The Environmental Protection Agency (EPA) defines volatile organic compounds (VOCs) as compounds that easily evaporate into the air. Many VOCs are human-made chemicals found in everyday items like paints, pharmaceuticals, and cleaning agents. They are also present in industrial solvents, fuels, and various manufacturing processes. Unfortunately, VOCs are not confined to industries; they are often part of our indoor air as well.

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Microplastics Impact Human Health


Now, let’s connect the dots between microplastics, VOCs, and human health. What are the repercussions of ingesting microplastics and being exposed to VOCs? The research is shedding light on some concerning possibilities. Microplastics can enter our bodies through various routes, including ingestion, inhalation, and dermal contact. These tiny particles can carry contaminants and endocrine-disrupting chemicals that pose a threat to our well-being.

According to the American Lung Association website, “Breathing VOCs can irritate the eyes, nose and throat, can cause difficulty breathing and nausea, and can damage the central nervous system and other organs. Some VOCs can cause cancer.”


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Hormone Systems and Endocrine Disruption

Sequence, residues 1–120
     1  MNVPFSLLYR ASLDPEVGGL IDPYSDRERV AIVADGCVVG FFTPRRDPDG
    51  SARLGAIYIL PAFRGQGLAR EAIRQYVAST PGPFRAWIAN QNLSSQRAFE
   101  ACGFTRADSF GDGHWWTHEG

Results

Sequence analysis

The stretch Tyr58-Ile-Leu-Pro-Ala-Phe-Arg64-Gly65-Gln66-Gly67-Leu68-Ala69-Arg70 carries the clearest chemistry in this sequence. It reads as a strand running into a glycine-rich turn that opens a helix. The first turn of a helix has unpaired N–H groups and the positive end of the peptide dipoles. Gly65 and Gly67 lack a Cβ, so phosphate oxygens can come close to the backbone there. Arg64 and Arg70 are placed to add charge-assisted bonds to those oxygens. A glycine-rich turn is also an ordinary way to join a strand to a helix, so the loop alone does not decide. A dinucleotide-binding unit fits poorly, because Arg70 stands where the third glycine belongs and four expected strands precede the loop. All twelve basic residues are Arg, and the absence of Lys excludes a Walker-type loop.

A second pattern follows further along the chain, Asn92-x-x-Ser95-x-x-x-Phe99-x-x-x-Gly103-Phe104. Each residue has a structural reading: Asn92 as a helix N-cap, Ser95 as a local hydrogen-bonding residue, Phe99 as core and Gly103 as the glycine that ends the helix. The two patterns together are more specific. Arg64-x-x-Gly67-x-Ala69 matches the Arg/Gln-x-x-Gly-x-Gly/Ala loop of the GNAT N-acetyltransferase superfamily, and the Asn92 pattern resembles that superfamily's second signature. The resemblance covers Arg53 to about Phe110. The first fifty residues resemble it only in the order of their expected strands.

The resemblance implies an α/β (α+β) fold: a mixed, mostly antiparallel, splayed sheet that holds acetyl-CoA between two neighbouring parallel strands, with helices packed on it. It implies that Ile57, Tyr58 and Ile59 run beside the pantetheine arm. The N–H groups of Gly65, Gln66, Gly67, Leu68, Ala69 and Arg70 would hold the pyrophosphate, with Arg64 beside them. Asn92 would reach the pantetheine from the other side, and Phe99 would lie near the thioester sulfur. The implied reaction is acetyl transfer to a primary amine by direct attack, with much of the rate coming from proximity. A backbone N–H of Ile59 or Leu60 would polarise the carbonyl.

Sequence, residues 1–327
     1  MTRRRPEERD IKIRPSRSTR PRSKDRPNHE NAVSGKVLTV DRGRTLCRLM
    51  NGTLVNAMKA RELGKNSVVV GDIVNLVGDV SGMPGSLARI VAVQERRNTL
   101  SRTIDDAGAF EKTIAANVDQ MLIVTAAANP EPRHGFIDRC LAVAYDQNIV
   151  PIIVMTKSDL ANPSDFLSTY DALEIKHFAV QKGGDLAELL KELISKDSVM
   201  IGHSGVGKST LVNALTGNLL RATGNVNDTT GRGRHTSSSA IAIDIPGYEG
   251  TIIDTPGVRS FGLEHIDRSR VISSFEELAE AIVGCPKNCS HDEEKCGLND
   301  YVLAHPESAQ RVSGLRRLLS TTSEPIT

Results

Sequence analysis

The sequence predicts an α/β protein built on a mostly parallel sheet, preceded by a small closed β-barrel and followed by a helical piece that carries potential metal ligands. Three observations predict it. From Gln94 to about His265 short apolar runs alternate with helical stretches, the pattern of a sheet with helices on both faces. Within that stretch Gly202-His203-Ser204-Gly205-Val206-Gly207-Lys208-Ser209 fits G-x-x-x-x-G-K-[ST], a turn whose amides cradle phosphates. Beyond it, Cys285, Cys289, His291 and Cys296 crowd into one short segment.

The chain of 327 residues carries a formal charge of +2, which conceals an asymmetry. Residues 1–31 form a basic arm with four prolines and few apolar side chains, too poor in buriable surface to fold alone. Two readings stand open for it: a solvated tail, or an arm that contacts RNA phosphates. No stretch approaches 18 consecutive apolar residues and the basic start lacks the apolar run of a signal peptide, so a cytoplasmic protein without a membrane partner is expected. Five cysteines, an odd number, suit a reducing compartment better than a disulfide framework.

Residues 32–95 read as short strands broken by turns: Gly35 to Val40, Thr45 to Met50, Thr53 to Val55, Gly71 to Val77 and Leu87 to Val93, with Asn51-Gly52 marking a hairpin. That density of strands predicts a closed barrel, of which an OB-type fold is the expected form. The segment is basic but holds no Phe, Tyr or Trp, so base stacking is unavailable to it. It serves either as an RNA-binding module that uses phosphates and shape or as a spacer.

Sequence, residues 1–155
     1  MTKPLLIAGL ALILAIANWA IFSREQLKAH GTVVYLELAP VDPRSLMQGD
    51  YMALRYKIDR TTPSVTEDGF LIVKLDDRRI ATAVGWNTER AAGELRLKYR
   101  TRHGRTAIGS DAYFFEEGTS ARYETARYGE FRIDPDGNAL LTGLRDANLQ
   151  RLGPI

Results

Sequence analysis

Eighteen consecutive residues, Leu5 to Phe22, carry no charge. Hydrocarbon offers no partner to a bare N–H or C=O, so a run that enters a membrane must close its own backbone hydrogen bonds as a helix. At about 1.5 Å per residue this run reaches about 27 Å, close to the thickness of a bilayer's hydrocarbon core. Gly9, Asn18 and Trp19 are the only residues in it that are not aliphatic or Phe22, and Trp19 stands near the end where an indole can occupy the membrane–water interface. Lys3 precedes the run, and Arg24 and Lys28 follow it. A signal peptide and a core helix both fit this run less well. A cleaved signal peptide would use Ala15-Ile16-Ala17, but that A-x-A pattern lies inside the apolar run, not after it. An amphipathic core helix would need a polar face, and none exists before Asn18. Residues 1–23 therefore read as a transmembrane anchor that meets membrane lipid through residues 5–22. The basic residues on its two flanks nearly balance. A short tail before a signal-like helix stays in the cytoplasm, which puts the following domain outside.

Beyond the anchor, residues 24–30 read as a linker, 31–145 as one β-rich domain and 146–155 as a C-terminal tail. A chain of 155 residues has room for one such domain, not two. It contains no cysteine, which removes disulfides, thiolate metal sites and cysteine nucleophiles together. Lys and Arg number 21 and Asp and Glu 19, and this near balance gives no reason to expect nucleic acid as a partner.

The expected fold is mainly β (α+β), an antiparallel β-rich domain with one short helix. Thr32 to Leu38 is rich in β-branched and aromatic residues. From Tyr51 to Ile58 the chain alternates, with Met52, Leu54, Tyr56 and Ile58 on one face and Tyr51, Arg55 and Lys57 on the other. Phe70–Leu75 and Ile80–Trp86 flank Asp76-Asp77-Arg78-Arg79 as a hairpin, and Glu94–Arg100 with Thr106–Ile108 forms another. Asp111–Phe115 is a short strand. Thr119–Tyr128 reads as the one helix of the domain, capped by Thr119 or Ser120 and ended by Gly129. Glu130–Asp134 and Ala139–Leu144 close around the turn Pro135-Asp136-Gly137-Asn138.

Speaking of endocrine disruption, microplastics have been found to interfere with the human endocrine system. This is the complex network of hormones that regulates crucial bodily functions. Even small disturbances can lead to significant health issues. Microplastics contain additives, such as plasticizers and flame retardants, which can mimic hormones and disrupt the delicate hormonal balance. This disruption has been linked to various health problems, including reproductive issues, developmental disorders, and yes, an increased risk of certain cancers.


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Addressing Hidden Threats to Health


Microplastics and VOCs are silent threats that have found their way into our daily lives. The potential health consequences of exposure to these substances are concerning, especially given their pervasiveness. By making informed choices and adopting healthier habits, we can take significant steps toward reducing our exposure to these harmful substances. Removing plastics from our immediate surroundings, choosing safer alternatives, and advocating for a plastic-free future are vital actions that can contribute to our well-being and the health of our planet.



Detoxing Your Home from Plastics: Taking Action


The question remains, what can we do to protect ourselves from the potential health risks associated with microplastics and VOCs? Here are some steps you can take to minimize your exposure: